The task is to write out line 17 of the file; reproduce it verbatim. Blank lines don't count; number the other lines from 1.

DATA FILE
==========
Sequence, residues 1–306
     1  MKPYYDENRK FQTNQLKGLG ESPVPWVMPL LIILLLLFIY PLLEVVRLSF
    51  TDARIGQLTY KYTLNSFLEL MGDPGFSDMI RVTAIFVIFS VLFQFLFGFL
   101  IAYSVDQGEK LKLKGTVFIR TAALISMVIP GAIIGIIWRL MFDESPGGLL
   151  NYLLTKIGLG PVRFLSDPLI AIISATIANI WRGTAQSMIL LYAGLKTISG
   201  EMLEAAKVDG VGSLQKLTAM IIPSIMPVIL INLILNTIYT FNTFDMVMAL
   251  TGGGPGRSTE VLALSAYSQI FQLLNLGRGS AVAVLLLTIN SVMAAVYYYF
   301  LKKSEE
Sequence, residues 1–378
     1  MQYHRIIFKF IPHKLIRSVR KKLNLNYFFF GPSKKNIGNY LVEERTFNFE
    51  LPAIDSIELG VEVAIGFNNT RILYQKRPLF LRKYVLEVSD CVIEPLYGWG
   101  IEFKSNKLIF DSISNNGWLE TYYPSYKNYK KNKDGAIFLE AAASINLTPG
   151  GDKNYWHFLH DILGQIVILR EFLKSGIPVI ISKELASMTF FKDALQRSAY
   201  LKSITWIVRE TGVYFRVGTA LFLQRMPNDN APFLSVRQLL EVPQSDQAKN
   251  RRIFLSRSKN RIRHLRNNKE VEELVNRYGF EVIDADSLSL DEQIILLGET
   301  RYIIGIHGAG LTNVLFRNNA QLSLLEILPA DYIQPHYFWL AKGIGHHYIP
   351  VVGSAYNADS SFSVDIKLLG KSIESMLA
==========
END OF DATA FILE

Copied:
   351  VVGSAYNADS SFSVDIKLLG KSIESMLA